With a catalogue of caliphate promotional videos that have included a jihadist in a Nike swoosh shirt, a Pepsi machine in an ISIS office, and slow-motion terrorists piling into a pimped-out Kia, the Islamic State has underscored they’re really not into pious anti-West uber-orthodoxy—but they are into a larger recruitment pool seeking brotherhood without the extra homework. When they lured recruits with mountains of Snickers and Twix and promised pickles that “beat anything from Walmart,” the homey message was telling recruits to come raid their kitchen like part of the fam while they join their killing squad.
Terrorism today is reeling in recruits much like your average American street gang, targeting the adrift and giving them purpose for a price.
Look no further than the New Jersey terror boys club—Nader Saadeh, his brother Alaa Saadeh, Samuel Rahamin Topaz, Munther Omar Saleh and Fareed Mumuni, all in their early 20s at the time—who have been receiving sentences for their pleas connected to trying to join ISIS in 2015.
The Saadeh brothers’ parents had been deported from the U.S. for credit card fraud. The brothers lived for several years with a person who would eventually tip off the FBI about their troubling turn toward terror. As is characteristic with many terror suspects, they displayed a marked change in their degree of religious observance, and Nader Saadeh convinced Topaz to convert to Islam in his quest for purpose. The criminal complaint against Nader Saadeh said he regarded ISIS fighters as his brothers, and swore that the terror group didn’t abuse human rights during their iron-fisted occupations or when they burned a Jordanian pilot alive in a cage for the cameras. As someone yearning to be one of the bros, Saadeh took to Facebook to help spread ISIS’ pitch lines. The tipster said Nader became “withdrawn, rebellious, hostile and angry,” and secretive as the plan was hatched to run to ISIS turf.
But the group’s terror turn began before ISIS staked out their caliphate, indicating a problem deeper than one group. The words of late al-Qaeda recruiter Anwar al-Awlaki—who ironically led what could be considered gang diversion in San Diego youth programs such as soccer and paintball—caught Saadeh’s ear and inspired him to vow revenge for the New Mexican’s assassination in 2011. By 2013, the friends were discussing forming a “small army” to be prepared for the end of the world that Saadeh thought would be in two to three years. When ISIS busted a border the following year, the would-be terrorists found a home base for their cell—and at home, members of the gang discussed bombing the World Trade Center, Times Square, and the Vaughn College of Aeronautics and Technology in Queens.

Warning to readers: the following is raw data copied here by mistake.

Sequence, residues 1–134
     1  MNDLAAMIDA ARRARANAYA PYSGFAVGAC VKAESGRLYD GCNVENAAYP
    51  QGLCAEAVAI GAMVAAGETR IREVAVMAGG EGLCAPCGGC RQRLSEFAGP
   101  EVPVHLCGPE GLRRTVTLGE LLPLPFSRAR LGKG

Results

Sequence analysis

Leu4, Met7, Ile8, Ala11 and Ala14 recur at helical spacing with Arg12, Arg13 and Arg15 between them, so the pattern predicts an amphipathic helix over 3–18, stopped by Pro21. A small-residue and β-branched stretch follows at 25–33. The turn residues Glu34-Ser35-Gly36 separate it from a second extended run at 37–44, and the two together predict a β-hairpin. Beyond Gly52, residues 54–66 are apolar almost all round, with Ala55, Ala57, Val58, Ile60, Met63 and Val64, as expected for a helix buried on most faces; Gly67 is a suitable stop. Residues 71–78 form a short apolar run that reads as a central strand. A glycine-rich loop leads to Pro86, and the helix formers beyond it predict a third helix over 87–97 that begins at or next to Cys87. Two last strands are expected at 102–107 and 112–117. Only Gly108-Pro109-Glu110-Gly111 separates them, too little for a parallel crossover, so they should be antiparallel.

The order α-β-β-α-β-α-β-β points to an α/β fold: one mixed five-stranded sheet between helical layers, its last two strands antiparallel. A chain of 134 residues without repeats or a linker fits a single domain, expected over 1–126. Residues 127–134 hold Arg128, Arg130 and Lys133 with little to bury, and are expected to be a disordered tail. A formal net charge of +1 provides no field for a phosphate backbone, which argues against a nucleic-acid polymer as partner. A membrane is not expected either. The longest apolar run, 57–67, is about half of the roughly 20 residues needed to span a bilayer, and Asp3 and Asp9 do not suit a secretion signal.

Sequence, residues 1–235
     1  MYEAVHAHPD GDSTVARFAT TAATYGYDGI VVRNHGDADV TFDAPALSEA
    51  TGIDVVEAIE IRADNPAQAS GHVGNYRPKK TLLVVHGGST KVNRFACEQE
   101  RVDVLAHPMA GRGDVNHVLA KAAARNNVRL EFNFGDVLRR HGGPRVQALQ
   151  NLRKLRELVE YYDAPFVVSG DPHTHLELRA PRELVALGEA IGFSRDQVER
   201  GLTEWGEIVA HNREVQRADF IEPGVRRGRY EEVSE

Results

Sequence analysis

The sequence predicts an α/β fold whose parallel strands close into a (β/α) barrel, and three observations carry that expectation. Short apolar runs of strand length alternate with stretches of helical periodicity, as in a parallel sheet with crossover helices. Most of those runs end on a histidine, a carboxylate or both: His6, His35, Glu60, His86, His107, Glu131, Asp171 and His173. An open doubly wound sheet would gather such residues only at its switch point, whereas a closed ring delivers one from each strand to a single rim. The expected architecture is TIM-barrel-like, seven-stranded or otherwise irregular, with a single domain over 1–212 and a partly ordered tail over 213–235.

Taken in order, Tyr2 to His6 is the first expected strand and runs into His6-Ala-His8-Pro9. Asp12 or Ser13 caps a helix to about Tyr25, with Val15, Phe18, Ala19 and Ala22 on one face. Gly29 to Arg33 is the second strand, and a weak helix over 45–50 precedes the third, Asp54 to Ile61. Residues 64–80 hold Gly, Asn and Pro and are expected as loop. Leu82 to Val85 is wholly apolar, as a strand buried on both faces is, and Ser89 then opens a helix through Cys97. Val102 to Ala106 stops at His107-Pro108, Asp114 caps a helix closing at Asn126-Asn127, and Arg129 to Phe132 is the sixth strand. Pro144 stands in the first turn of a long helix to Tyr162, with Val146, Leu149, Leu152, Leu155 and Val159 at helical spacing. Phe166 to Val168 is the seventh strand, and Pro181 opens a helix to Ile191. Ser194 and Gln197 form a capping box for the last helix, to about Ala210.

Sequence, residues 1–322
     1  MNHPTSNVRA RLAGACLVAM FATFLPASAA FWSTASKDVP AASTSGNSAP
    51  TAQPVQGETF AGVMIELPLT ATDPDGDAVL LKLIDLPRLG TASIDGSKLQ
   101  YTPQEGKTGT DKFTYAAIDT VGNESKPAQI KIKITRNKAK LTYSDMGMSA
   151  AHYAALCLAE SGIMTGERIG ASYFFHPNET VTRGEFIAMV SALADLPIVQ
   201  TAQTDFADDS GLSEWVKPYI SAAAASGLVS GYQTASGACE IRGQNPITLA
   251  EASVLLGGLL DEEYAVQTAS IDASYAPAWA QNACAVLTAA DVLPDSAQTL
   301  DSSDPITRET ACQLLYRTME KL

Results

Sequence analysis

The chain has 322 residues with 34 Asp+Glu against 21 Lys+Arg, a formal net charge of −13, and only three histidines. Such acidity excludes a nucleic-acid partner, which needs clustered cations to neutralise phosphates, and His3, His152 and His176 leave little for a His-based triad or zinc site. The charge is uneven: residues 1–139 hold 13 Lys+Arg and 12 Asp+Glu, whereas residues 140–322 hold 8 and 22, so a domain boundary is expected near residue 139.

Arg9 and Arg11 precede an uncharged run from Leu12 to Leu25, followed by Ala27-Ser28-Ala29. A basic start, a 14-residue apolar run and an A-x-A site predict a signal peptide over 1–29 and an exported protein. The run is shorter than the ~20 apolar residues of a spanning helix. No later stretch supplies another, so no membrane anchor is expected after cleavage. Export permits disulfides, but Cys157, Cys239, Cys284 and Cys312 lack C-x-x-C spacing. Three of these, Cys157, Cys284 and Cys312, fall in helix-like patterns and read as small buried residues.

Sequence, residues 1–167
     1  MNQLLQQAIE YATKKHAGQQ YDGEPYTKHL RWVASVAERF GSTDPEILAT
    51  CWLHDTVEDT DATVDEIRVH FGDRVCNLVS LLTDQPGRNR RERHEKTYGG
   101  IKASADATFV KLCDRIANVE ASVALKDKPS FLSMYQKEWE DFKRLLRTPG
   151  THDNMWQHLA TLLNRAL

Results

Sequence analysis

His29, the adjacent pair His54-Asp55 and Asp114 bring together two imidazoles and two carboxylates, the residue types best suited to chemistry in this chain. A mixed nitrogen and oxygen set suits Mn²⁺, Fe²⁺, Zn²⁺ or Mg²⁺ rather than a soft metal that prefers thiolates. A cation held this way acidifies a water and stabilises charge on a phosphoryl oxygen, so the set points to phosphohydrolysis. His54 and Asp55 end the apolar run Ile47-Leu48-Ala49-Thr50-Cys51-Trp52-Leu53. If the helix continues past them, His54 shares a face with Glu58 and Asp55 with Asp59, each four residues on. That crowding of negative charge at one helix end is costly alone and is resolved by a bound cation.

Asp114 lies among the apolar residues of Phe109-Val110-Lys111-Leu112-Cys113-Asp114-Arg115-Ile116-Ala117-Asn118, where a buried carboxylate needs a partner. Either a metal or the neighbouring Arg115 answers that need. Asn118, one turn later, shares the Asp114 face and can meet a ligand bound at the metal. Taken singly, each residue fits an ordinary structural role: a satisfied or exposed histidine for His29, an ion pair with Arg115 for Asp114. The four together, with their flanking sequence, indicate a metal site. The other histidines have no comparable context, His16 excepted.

Feel marginalized? Condescended to? Need some brothers but couldn’t get an offer during pledge week? The recruiters at the door may be especially sinister. The group dynamic of gangs has been defined as social categorization, social reward, interdependence, interaction, and influence. Terror groups have this lifecycle—and knowledge of what kind of recruit fits within—figured out.
These groups have mastered dangling their community of the jihad-minded as a substitute family for the vulnerable. Easily accessible social media networks and chat forums prey on young people, whether or not they’re even Muslim, and offer them an ideological home, loyal “brothers,” and a promise of paradise in exchange for supporting jihad and planning their own attack.
Some terrorists have had documented problems trying to fit in, especially in their high school and college years, stoking feelings of inadequacy and frustration that create a ripe target for terror recruiters. Homegrown terrorists have often shocked those around them who saw a person enmeshed in American culture. Boston Marathon bomber Dzhokhar Tsarnaev was a high school wrestling all-star who worked as a pool lifeguard, smoked pot, and listened to hip-hop. Ohio State ram-and-stabber Abdul Artan posted a selfie with Ronald McDonald. Chelsea and Seaside Park bomber Ahmad Khan Rahimi held rap battles for his high school pals at his family’s fried chicken restaurant. But that didn’t mean they were immune from the internal struggles that propel recruits to find reward, interdependence, interaction, and—ultimately, with their attacks—influence.
Crime mitigation strategies that help keep kids out of the Crips could help battle feelings of alienation or inadequacy that may lead recruits to find a substitute family with the “brothers” of ISIS or al-Qaeda. But as the New Jersey terror cadre reminds us, this recruitment problem stretches beyond a caliphate and threatens to reel in those happy to belong to the movement—as their turf is really a vast network of interconnected members gabbing on Telegram or meeting on the dark web, ready to assert power when the time is right.
Bridget Johnson is Senior Fellow at the Haym Salomon Center, managing editor of Homeland Security Today, and Washington bureau chief at PJ Media.